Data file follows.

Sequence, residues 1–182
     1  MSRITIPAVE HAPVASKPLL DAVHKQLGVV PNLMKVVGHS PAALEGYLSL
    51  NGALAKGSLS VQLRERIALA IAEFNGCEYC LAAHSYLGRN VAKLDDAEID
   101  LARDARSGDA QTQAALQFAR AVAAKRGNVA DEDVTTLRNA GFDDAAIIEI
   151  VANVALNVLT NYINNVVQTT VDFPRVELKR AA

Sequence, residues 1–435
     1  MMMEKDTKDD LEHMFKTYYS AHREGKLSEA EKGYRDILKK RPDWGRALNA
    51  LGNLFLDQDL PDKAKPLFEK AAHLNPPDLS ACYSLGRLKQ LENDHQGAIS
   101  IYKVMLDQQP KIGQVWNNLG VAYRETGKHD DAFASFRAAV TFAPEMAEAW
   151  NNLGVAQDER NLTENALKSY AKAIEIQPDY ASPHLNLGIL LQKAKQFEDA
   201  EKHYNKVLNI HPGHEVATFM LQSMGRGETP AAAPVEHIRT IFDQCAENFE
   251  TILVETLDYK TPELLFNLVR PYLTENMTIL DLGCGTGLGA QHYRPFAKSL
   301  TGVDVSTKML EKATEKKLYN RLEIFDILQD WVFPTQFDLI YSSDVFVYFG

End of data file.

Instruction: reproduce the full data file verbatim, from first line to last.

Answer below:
Sequence, residues 1–182
     1  MSRITIPAVE HAPVASKPLL DAVHKQLGVV PNLMKVVGHS PAALEGYLSL
    51  NGALAKGSLS VQLRERIALA IAEFNGCEYC LAAHSYLGRN VAKLDDAEID
   101  LARDARSGDA QTQAALQFAR AVAAKRGNVA DEDVTTLRNA GFDDAAIIEI
   151  VANVALNVLT NYINNVVQTT VDFPRVELKR AA

Sequence, residues 1–435
     1  MMMEKDTKDD LEHMFKTYYS AHREGKLSEA EKGYRDILKK RPDWGRALNA
    51  LGNLFLDQDL PDKAKPLFEK AAHLNPPDLS ACYSLGRLKQ LENDHQGAIS
   101  IYKVMLDQQP KIGQVWNNLG VAYRETGKHD DAFASFRAAV TFAPEMAEAW
   151  NNLGVAQDER NLTENALKSY AKAIEIQPDY ASPHLNLGIL LQKAKQFEDA
   201  EKHYNKVLNI HPGHEVATFM LQSMGRGETP AAAPVEHIRT IFDQCAENFE
   251  TILVETLDYK TPELLFNLVR PYLTENMTIL DLGCGTGLGA QHYRPFAKSL
   301  TGVDVSTKML EKATEKKLYN RLEIFDILQD WVFPTQFDLI YSSDVFVYFG